The U.S. Supreme Court

The Trump administration’s new travel ban policy may soon spark new lawsuits, though it’s already a subject at the U.S. Supreme Court.

After the White House issued a new policy as parts of the March 6 travel ban expired Sunday, the Supreme Court on Monday removed upcoming oral arguments over the executive order set for Oct. 10. The court directed the parties, including the state of Hawaii, the federal government and various advocacy groups, to file supplemental briefs on whether and to what extent the case is now moot. The briefs are due by noon Oct 5. Solicitor General Noel Francisco filed a letter with the court Sunday requesting the supplemental briefing schedule.

“This action by the Supreme Court is not surprising given the government’s decision to issue a new version of the ban at the eleventh hour,” said Omar Jadwat, director of the ACLU’s Immigrants’ Rights Project, in a written statement. “Both sides will address the implications of that new ban order for the existing case in written submissions to the court. The ban has been repeatedly held unconstitutional and illegal by the courts and those decisions remain in place today.”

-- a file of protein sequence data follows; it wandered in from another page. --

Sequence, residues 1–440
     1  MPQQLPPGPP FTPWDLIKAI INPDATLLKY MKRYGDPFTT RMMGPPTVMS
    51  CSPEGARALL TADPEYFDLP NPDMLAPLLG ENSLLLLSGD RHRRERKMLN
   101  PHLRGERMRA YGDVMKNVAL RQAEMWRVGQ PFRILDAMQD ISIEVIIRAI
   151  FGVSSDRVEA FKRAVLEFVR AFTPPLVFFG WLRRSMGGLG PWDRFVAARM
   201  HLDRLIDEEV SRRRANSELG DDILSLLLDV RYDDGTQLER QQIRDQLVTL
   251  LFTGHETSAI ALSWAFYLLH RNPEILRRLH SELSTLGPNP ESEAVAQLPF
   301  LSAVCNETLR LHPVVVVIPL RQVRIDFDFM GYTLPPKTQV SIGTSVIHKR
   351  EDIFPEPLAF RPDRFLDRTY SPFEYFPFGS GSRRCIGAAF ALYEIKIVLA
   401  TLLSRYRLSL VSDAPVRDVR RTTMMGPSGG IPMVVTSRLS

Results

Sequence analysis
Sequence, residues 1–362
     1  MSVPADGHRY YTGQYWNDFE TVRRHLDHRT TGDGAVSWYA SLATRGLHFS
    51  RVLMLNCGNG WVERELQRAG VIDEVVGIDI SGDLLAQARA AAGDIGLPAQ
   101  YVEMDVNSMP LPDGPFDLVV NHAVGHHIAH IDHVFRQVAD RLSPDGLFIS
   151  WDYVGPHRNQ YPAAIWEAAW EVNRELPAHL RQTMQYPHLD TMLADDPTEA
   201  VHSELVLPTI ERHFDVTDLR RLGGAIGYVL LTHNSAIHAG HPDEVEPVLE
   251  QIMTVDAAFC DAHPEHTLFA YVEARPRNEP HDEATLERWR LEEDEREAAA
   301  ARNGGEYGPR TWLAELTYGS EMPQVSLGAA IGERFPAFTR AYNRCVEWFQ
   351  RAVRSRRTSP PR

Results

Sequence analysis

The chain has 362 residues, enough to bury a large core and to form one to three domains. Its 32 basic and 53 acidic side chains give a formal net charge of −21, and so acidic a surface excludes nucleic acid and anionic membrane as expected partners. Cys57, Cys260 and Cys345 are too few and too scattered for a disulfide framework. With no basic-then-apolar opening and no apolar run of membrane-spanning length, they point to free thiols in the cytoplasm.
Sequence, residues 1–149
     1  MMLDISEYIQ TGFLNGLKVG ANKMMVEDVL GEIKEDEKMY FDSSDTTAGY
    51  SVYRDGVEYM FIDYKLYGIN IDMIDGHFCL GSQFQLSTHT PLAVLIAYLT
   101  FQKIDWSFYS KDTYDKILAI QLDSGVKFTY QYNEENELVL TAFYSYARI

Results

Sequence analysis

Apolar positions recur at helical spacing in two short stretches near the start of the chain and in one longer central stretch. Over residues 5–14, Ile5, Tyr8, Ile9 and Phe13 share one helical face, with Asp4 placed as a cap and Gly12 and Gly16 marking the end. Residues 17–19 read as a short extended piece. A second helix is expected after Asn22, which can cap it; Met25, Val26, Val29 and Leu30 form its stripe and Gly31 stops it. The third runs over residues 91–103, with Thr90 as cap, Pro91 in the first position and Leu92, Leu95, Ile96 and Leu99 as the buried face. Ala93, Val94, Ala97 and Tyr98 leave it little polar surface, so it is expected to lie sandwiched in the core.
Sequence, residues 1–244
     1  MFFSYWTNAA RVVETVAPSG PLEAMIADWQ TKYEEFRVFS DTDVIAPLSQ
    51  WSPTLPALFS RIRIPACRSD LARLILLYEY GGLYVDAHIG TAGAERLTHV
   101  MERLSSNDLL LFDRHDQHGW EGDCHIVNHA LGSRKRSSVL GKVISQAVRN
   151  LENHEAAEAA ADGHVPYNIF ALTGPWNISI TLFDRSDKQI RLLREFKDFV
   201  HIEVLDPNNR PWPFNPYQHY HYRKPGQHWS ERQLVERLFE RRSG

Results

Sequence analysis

The new travel restrictions provide additional issues and details for lawyers and judges to unpack should it become the subject of litigation.

On a call with reporters Monday morning, lawyers from the National Immigration Law Center and other civil rights organizations said the administration’s new proclamation is simply a revised version of the “Muslim ban” the president promised during the campaign.